Military defeats and blunders on all levels of the Russian command increased anger in Russian society. Czar Nicholas II made matters worse by assuming personal command of the military in 1917 – he could no longer be assumed innocent of the defeats, and the Russian people lost all faith in him. Seeing an opportunity to take a major power out of the fight, Germany arranged for the return of Vladimir Lenin, a politically motivated dissident that had been exiled from Russia in 1900. Lenin and others, unhappy with the Russian Imperial rule, set up a new Communist Party that, with support from the general populace, quickly escalated to prominence. In the resulting February and October Revolutions, Nicholas II and his family were captured and held prisoner by once-loyal Bolshevik military forces, and eventually grimly executed against a wall in their palace, ending the role of the czar for good.
True to form, following the emplacement of the communists in place of the czar, the Bolsheviks petitioned Germany for a peace treaty to end the “Imperialistic” fighting. The Treaty of Brest-Livest cost Russia a large chunk of its Eastern European territory, but finally brought peace to the embittered nation.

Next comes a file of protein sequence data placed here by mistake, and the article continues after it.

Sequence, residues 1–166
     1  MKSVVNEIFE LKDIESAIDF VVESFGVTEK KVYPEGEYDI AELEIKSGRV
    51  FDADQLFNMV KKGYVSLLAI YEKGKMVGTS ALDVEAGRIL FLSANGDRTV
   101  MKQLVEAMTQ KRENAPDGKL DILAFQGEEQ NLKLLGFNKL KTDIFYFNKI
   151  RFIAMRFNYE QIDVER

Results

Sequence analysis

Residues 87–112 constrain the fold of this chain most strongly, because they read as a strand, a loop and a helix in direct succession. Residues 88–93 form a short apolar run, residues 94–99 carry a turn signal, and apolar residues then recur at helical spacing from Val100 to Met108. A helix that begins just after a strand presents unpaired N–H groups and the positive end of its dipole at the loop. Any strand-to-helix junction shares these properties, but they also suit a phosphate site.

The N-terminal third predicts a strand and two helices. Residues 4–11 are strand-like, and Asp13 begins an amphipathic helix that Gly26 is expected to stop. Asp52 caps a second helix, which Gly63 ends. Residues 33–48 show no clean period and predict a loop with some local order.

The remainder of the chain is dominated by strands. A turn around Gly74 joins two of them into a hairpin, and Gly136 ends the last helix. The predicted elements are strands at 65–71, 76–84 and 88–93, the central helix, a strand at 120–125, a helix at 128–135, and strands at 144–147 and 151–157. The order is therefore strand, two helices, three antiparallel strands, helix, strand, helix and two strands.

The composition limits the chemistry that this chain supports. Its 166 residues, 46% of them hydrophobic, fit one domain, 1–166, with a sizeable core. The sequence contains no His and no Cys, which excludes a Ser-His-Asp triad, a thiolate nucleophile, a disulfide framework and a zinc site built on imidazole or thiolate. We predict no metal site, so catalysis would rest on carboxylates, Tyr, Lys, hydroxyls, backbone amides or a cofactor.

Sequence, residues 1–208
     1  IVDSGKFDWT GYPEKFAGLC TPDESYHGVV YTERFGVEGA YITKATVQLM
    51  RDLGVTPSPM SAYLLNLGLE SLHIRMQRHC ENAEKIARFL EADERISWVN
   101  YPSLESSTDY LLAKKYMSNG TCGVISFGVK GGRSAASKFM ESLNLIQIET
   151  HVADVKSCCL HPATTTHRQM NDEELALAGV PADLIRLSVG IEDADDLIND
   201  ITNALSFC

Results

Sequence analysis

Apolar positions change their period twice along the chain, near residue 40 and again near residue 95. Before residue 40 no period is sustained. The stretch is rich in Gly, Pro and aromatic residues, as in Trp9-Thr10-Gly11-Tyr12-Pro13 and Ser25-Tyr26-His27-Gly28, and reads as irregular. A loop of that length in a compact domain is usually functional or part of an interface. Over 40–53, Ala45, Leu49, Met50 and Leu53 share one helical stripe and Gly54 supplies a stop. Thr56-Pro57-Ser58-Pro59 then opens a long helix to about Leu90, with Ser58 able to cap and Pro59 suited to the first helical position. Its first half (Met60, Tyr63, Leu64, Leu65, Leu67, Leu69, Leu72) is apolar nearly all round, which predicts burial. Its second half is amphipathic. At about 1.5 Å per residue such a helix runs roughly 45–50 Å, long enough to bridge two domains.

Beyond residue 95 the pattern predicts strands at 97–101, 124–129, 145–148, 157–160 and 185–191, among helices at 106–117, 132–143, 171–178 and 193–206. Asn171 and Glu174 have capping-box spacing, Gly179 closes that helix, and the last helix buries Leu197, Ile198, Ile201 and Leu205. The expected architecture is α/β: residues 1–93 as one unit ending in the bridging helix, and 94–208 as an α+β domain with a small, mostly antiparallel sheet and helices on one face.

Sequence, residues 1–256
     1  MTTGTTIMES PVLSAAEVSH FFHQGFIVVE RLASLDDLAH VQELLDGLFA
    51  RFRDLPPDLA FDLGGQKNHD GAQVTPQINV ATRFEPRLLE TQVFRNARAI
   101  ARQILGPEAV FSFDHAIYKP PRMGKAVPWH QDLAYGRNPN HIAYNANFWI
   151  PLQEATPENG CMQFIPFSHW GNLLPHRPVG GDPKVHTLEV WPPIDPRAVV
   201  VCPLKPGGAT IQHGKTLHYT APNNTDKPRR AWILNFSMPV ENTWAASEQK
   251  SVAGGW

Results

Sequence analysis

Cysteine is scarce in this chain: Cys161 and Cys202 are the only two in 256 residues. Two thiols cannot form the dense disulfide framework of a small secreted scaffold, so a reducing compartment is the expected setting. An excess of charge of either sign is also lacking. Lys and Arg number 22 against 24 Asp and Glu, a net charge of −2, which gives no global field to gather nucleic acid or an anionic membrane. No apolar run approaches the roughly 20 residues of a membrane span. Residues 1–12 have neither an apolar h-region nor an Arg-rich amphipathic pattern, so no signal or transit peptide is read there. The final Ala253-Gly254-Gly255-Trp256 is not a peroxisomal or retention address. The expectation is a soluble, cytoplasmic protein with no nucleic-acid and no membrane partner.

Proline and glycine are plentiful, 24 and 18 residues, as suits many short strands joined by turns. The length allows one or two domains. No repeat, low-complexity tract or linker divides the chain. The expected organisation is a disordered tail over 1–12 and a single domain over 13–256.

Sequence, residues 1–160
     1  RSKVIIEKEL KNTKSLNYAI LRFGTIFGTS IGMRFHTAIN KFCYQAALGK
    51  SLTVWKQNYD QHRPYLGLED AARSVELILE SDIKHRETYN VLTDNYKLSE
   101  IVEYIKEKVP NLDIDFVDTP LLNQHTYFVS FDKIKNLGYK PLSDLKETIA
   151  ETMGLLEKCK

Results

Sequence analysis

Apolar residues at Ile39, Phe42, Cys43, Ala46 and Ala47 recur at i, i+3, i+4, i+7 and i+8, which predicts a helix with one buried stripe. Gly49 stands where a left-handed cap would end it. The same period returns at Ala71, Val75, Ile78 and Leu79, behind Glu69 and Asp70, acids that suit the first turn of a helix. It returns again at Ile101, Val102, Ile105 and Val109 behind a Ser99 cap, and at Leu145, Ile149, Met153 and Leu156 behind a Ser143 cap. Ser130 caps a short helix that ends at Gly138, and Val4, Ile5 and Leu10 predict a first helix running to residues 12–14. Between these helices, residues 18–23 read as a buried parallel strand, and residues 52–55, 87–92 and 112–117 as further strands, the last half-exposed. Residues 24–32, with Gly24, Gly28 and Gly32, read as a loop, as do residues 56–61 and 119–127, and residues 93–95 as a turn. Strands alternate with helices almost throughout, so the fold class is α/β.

During and preceding the October Revolution, many unofficial pamphlets and other other pieces of propaganda were circulated. Before Lenin came upon the scene, there were distinctive presses by the masses, not to abdicate Nicholas II, but to force him to give up rights to the Duma and elected bodies of the people. Things began to change, however, with involvement in the initially-failing Great War. Nicholas II’s choice of a wife in Princess Alexandra, granddaughter of Queen Victoria, mirrored Louis XVI’s choice of Marie Antoinette in disaster. The Russian people disliked her because she controlled her husband, persuading him to stand firm against the march of democratization, and because she in turn depended on Rasputin for the treatment of her son, Alexis.